In Panama, a vector technician named Orlando goes from house to house, street to street, gathering and tracking data about mosquito breeding sites and disease hot spots.
It’s a difficult job. His success depends on his interpersonal skills, on earning the trust of residents, providing effective education and gaining access to property to pinpoint and assess where mosquitoes breed.
Until this year, Panamanian technicians like Orlando used pen and paper to collect and tabulate information about vectorborne diseases like Zika. It could take up to a week for this data to make its way to central decision makers. By then, untold infections may have occurred.
Around the world, information technology can make a life-or-death difference for communities facing urgent public health challenges. By making it easier to collaborate and analyze data, communities have a powerful tool for improving health—especially when accompanied by sound public policy and collaboration among the public, private and nonprofit sectors.
The key is to apply technology wisely—taking into account the people who will use or benefit from the technology: policymakers, stakeholders, health care workers and the communities themselves.
It's also all too easy for well-meaning outsiders to misread public health challenges in regions where access to effective health care and outcomes are inconsistent. For example, some think that technology is a panacea. Conversely, others may claim that social, political, cultural, economic or environmental challenges need to be solved before introducing technology.
The reality is more nuanced and complicated. For instance, it may be enough that the introduction of technology will spur efforts to fix societal dysfunction. Further, outside groups providing assistance should strongly consider partnering with local organizations with the credibility to help change the status quo.
This has been our experience with IBM Health Corps, a global, pro bono consulting program that addresses health issues. In the case of Panama, we partnered with the country’s prestigious Gorgas Memorial Institute of Health Studies to modernize its data collection approach to managing vectorborne diseases.
Working with Gorgas, vector technicians like Orlando, and public health officials, we created a mobile app to collect timely data in the field. Not surprisingly, some of the field inspectors feared the app would make their role obsolete. Taking their concerns to heart, the team took pains to ensure that the app would empower the health workforce and decision makers. The software, which will go live this spring, enables field workers to spend more time educating the community and less time bogged down in the mechanics of reporting.
In the UK, technology helped shaped Calderdale’s response to a human-caused public health problem: shortened lifespans due to sedentary lifestyles. IBM used analytics technology to identify common patterns in notes recorded by social service workers—pinpointing concentrations of foster youth and senior citizens with fewer options for physical activity. With these insights, Calderdale created more exercise opportunities tailored to appeal to these groups.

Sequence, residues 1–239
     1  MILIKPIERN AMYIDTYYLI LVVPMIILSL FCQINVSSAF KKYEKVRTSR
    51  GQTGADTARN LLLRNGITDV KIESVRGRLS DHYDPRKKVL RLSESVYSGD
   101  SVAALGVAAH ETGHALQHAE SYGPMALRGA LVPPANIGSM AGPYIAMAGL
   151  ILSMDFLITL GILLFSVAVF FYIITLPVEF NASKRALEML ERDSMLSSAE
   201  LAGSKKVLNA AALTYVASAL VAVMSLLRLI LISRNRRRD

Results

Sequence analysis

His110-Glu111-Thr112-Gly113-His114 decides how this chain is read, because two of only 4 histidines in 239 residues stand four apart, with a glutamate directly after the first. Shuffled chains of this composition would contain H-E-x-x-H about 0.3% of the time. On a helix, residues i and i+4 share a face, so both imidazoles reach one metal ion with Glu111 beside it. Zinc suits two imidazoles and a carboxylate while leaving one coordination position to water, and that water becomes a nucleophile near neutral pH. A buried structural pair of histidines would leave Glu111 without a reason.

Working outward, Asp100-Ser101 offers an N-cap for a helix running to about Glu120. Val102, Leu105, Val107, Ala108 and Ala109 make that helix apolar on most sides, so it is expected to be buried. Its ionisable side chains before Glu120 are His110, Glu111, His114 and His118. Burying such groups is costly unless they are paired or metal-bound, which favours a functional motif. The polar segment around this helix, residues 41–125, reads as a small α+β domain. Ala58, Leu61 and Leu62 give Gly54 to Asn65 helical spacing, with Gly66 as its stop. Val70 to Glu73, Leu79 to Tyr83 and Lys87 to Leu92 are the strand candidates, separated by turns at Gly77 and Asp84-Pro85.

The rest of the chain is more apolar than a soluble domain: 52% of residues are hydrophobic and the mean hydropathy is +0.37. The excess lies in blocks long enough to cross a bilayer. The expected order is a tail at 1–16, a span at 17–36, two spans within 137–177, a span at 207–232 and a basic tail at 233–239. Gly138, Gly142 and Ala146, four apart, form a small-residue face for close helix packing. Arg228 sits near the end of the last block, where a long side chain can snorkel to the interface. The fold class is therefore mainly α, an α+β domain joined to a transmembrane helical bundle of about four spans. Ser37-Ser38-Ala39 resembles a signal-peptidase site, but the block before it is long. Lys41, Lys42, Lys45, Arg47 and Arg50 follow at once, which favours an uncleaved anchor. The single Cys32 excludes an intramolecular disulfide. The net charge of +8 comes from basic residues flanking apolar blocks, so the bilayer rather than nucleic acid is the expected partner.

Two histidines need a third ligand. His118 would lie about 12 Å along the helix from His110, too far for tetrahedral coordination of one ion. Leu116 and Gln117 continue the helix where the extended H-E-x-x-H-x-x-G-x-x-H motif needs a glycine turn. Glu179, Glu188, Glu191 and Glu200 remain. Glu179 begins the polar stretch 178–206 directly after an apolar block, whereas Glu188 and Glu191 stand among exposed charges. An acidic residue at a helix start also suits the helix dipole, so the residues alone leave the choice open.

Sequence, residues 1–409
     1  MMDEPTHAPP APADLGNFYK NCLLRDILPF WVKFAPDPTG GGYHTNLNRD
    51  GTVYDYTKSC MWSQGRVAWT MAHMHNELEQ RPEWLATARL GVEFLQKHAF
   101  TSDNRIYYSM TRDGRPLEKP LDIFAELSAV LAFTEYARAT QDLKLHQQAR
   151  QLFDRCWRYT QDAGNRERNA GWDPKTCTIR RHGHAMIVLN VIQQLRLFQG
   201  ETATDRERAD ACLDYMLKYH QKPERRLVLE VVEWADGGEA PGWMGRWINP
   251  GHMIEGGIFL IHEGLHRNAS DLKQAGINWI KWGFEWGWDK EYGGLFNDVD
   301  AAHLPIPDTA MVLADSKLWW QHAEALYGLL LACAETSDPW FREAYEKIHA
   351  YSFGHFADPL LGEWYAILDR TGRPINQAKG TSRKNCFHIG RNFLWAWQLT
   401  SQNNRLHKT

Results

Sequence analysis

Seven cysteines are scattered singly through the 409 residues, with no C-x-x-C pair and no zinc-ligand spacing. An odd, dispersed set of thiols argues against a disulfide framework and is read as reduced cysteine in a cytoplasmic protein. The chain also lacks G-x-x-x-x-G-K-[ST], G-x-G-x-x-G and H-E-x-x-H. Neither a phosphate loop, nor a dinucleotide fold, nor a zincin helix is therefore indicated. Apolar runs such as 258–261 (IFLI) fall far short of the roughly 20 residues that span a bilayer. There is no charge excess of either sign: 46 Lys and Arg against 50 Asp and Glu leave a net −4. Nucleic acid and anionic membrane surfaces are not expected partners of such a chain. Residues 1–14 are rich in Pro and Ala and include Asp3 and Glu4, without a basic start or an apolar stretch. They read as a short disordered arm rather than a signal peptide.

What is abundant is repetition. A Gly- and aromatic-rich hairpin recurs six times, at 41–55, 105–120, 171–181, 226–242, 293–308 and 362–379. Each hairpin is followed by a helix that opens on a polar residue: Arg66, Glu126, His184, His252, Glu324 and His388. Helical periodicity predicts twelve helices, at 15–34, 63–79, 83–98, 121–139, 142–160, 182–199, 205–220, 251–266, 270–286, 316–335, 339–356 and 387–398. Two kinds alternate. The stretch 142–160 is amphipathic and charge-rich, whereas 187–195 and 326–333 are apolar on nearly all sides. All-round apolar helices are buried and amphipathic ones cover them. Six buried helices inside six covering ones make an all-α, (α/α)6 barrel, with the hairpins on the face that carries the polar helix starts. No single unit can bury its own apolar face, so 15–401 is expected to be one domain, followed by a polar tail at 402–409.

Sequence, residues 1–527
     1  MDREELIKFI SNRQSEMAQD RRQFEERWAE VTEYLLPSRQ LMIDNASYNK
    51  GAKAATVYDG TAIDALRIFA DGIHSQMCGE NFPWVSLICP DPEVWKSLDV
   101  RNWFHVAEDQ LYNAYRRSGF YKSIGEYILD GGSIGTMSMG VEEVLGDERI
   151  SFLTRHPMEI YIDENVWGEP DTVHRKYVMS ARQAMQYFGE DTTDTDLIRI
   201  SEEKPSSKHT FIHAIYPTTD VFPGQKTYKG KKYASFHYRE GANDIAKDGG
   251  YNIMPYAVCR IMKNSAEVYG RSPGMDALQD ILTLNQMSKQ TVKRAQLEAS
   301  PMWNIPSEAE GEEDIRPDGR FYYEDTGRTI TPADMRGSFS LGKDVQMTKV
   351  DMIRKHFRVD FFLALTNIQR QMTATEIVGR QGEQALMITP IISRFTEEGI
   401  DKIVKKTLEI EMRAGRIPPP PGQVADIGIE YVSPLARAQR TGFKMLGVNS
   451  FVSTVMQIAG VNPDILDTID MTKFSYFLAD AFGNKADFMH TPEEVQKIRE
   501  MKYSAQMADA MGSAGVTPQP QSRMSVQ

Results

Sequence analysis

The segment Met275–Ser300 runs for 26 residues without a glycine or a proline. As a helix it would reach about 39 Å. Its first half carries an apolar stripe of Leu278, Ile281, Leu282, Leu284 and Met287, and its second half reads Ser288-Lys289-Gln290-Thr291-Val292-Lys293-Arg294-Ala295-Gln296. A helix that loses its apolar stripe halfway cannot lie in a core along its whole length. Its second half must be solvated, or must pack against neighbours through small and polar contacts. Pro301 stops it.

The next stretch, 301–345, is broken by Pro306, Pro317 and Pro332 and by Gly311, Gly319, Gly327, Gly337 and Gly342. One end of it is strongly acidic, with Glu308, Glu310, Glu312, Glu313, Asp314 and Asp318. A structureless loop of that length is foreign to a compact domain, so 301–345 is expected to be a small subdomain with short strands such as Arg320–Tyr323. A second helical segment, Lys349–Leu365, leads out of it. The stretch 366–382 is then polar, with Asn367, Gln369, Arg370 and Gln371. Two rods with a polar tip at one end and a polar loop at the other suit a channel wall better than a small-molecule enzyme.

Other communities are also turning to technology as a component of a bigger, multi-tiered strategy. For instance, in sub-Saharan Africa, new cancer cases and cancer deaths are expected to double by 2030. Until now, reliable chemotherapy medicines have been expensive or hard to obtain because countries had trouble predicting their medication needs to buy in the quantities required to benefit from volume pricing discounts.
In response, IBM Health Corps experts designed software to help planners and procurement personnel at health ministries make more precise chemotherapy forecasts, check medicine inventories, pinpoint available suppliers, determine costs, and place chemotherapy orders with enough advance notice to qualify for and guarantee volume pricing discounts.
Note that technology itself was not the end goal here; it enabled other fundamental reforms in community health. Partnerships formed with organizations that enjoy local credibility and respect proved key.
Technology itself can't magically change facts on the ground. It is a means to an end, and local, human talent still needs to be a focus. But technology, applied in concert with other efforts—such as social service and public policy reforms, better collaboration among bureaucracies, and a greater emphasis on prevention and prediction—can help accelerate positive reform that will lead to better health and a better quality of life for all, not just the fortunate few.
Jennifer Ryan Crozier is president of the IBM Foundation and spearheaded the establishment of IBM Health Corps.
Ed. Note: IBM Health Corps is accepting proposals for data, technology and program design initiatives that can address strengthening the health workforce and heath disparities in cancer prevention and care. Organizations can learn more about the application process and apply here.
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